Choir expression Pedal   Great to Pedal Reversible
    Solo expression pedal   Swell to Pedal Reversible
    Crescendo Pedal   Indicator lights for combinations
         
Aronow Auditorium
South Campus

J.H. & C.S. Odell
New York City – Opus 278 (1889)
Mechanical action
2 manuals, 20 stops


The chapel of the College of the Sacred Heart had an organ built in 1889 by J.H. & C.S. Odell of New York City. This space became Aronow Auditorium after Sacred Heart moved to Purchase, N.Y., and their buildings are known as the "South Campus" of City College.

Specifications of this organ have not yet been located.
         
Mason Hall of Baruch College (CUNY) - New York City
Mason Hall showing Organ Grilles
Pauline Edwards Theatre (later Mason Hall)
The Field Building, 17 Lexington Avenue:

M.P. Möller, Inc.
Hagerstown, Md. – Opus 6211 (1936); reb. Op. 1054 (1910)
Electro-pneumatic action
4 manuals, 33 stops, 23 ranks







In the Depression year of 1936, Dave Hennen Morris, former US Ambassador to Belgium, donated his M.P. Möller residence organ to City College. The Factory Specifications (Dec. 12, 1936) show that Möller rebuilt and moved their Op. 1054, originally built in 1910 for the Dave Hennen Morris Residence in Manhattan, to the Pauline Edwards Theatre (later known as Mason Hall) in the "Field Building" at 17 Lexington Avenue. Möller reused the old pipes, replacing some of the super octave (notes 62-73) pipes, and added a new Pedal 16' Open Diapason (wood) plus a 12-pipe 16' extension of the 8' Harmonic Tuba. Möller also provided a new detached, four-manual drawknob console. The fate of this organ is unknown.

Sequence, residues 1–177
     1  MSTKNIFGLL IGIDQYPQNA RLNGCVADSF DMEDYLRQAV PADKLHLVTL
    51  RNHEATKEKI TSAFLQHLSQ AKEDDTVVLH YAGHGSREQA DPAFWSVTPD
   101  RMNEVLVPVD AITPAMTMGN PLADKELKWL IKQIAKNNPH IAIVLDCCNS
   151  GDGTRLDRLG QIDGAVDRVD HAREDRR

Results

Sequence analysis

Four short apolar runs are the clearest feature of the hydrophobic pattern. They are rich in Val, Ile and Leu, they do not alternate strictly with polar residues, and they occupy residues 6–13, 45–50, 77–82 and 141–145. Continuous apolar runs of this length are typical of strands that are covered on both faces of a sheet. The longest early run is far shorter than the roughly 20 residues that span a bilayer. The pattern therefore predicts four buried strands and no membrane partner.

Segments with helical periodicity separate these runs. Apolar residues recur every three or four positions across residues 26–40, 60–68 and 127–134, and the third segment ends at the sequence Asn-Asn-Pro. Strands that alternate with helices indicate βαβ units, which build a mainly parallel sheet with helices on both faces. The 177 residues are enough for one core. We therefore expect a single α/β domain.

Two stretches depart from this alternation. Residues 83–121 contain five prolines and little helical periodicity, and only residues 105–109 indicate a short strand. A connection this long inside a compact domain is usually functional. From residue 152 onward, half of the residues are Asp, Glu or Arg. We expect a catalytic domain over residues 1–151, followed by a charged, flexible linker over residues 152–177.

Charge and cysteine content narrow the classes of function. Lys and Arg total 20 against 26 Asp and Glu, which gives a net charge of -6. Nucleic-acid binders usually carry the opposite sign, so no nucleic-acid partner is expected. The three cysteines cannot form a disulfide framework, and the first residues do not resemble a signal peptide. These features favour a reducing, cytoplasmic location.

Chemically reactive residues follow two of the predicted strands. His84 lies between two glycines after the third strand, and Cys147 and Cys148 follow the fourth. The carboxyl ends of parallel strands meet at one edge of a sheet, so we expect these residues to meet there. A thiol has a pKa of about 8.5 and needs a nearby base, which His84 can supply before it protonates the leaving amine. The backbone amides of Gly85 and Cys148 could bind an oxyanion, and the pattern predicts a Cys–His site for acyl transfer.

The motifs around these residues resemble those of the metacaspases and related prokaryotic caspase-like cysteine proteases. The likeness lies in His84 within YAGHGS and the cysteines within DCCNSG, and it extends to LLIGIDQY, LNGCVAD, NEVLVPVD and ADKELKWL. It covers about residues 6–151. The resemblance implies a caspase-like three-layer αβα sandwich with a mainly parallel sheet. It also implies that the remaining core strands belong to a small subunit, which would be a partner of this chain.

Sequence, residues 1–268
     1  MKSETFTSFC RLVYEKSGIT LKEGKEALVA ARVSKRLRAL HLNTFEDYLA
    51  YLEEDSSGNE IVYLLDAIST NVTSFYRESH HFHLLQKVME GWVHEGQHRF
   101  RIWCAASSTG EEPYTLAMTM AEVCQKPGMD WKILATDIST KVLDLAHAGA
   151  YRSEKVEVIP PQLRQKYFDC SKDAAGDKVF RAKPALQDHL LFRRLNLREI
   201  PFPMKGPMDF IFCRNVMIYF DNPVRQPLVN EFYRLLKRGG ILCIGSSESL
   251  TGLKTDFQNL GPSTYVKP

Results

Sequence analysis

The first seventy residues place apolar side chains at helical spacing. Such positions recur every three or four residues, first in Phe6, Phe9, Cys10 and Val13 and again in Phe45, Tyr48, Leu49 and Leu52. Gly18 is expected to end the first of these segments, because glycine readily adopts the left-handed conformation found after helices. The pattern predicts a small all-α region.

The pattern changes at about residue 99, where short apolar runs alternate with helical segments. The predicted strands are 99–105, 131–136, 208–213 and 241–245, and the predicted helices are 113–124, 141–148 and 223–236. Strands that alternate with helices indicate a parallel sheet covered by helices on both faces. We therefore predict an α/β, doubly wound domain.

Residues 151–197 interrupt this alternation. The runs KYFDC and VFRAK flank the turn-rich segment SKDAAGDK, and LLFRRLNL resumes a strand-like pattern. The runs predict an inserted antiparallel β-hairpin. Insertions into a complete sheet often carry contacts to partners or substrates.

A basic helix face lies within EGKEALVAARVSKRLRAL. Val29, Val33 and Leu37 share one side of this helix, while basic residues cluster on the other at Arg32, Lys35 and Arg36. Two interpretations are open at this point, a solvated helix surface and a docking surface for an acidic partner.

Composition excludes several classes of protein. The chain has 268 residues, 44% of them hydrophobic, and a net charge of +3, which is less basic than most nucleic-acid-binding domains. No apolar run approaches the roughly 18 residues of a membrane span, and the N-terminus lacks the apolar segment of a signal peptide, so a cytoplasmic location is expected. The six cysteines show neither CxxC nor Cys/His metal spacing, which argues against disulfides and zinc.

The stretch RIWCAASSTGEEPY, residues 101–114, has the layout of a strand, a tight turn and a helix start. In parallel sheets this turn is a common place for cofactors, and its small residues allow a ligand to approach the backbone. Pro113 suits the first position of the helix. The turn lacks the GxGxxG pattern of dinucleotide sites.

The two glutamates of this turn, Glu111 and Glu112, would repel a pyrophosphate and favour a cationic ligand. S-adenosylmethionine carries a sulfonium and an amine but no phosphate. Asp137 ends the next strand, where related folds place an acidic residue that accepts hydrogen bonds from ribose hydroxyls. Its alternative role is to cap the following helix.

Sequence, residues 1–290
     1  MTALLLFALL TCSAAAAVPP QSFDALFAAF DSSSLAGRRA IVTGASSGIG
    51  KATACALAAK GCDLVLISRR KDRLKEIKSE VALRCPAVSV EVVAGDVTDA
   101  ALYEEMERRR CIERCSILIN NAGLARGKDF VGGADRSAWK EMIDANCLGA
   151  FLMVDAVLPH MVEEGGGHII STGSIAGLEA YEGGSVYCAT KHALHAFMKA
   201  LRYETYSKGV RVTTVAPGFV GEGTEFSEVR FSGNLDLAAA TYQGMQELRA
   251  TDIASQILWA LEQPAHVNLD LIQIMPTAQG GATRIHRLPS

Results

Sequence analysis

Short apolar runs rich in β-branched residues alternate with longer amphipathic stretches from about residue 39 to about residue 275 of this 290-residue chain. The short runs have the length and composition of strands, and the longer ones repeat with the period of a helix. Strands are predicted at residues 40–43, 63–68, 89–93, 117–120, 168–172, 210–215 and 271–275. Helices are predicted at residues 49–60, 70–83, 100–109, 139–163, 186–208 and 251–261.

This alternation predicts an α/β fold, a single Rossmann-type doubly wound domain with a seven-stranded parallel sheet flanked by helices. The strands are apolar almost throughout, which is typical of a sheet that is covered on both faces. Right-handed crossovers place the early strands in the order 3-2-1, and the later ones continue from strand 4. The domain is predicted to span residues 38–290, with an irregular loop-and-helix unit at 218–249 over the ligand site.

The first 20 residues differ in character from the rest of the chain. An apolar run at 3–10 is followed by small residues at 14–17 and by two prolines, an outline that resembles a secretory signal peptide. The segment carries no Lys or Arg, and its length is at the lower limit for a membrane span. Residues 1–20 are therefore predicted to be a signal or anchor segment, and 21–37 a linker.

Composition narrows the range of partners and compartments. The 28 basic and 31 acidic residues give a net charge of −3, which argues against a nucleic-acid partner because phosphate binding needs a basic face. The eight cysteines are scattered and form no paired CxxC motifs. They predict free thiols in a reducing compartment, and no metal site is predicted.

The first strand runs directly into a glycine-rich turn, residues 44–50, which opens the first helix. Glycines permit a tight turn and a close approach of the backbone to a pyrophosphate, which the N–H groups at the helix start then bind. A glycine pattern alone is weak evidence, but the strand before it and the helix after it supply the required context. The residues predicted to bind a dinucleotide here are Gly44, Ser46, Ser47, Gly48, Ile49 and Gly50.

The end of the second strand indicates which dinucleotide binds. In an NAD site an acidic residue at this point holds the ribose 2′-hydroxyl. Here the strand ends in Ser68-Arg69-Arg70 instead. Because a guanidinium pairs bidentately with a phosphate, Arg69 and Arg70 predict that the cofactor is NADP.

Great Organ (Manual II) – 61 notes, enclosed (4" pressure)
8
  Open Diapason
73
    Great 16'  
8
  Doppel Flute
73
   
Great 8' (Unison)
8
  Gemshorn
73
    Great 16'  
4
  Octave
73
    2 extra knobs  
   
Chimes
21 Tubular Bells
       
 
     
 
     
Swell Organ (Manual III) – 61 notes, enclosed (5" pressure)